Friday, February 01, 2008
Huckabee: Romney should drop out http://www.nysun.com/article/70622
"Why doesn't he drop out? Look at how much money he spent to get the same market share that I've got," the former Arkansas governor told a public affairs forum in San Francisco, the Commonwealth Club. "My message is obviously selling a lot better than his because look at how much he's had to put behind it to market it, and it's barely sold. I have fewer resources, but I've sold as much of the product as he has."
Mr. Huckabee said Mr. Romney, who founded a business consulting firm, Bain Capital, should be able to recognize the trend lines. "He's an MBA and a smart business guy. If he were applying the same kind of business standard that he applied at Bain Capital, he'd be saying Huckabee's got a more efficient operation. They're getting a better market share than me for less money. Let's invest in him," the former Arkansas governor said.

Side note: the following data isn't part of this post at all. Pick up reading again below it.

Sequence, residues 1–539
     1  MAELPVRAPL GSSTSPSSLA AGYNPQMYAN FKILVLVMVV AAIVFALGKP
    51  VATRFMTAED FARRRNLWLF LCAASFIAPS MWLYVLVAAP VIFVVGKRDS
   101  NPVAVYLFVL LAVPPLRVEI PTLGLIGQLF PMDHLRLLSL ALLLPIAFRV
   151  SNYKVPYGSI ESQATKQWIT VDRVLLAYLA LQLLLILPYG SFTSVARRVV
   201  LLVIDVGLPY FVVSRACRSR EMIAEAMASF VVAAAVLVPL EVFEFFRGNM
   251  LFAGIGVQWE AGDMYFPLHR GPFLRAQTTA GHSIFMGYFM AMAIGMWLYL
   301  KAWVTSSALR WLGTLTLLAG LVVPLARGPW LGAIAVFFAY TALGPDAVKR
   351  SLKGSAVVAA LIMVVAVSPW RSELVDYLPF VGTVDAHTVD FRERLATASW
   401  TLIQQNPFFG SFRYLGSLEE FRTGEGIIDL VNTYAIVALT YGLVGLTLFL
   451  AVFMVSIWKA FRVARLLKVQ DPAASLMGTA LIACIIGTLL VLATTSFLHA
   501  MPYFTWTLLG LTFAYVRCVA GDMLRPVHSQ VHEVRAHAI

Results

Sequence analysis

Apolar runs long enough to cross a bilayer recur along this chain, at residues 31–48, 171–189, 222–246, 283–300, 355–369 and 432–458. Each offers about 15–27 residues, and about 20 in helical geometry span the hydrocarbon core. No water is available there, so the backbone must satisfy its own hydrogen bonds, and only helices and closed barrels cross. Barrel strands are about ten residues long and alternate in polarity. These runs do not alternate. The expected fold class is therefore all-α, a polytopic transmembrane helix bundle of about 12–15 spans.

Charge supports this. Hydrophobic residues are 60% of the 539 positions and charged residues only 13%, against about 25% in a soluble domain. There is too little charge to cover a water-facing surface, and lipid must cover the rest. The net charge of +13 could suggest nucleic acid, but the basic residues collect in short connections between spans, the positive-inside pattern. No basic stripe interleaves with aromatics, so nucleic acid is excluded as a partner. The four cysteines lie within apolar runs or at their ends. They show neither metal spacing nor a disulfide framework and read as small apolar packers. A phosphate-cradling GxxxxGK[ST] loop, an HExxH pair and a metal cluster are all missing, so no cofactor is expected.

To be honest, Huckabee would probably make the two-way race for the GOP nomination a lot more competitive, and Huckabee would probably be a tougher opponent than McCain in the general, too.
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Obama 2008 - I want my country back
Nation-Building was founded by Aziz Poonawalla in August 2002 under the name Dean Nation. Dean Nation was the very first weblog devoted to a presidential candidate, Howard Dean, and became the vanguard of the Dean netroot phenomenon, raising over $40,000 for the Dean campaign, pioneering the use of Meetup, and enjoying the attention of the campaign itself, with Joe Trippi a regular reader (and sometime commentor). Howard Dean himself even left a comment once. Dean Nation was a group weblog effort and counts among its alumni many of the progressive blogsphere's leading talent including Jerome Armstrong, Matthew Yglesias, and Ezra Klein. After the election in 2004, the blog refocused onto the theme of "purple politics", formally changing its name to Nation-Building in June 2006. The primary focus of the blog is on articulating purple-state policy at home and pragmatic liberal interventionism abroad.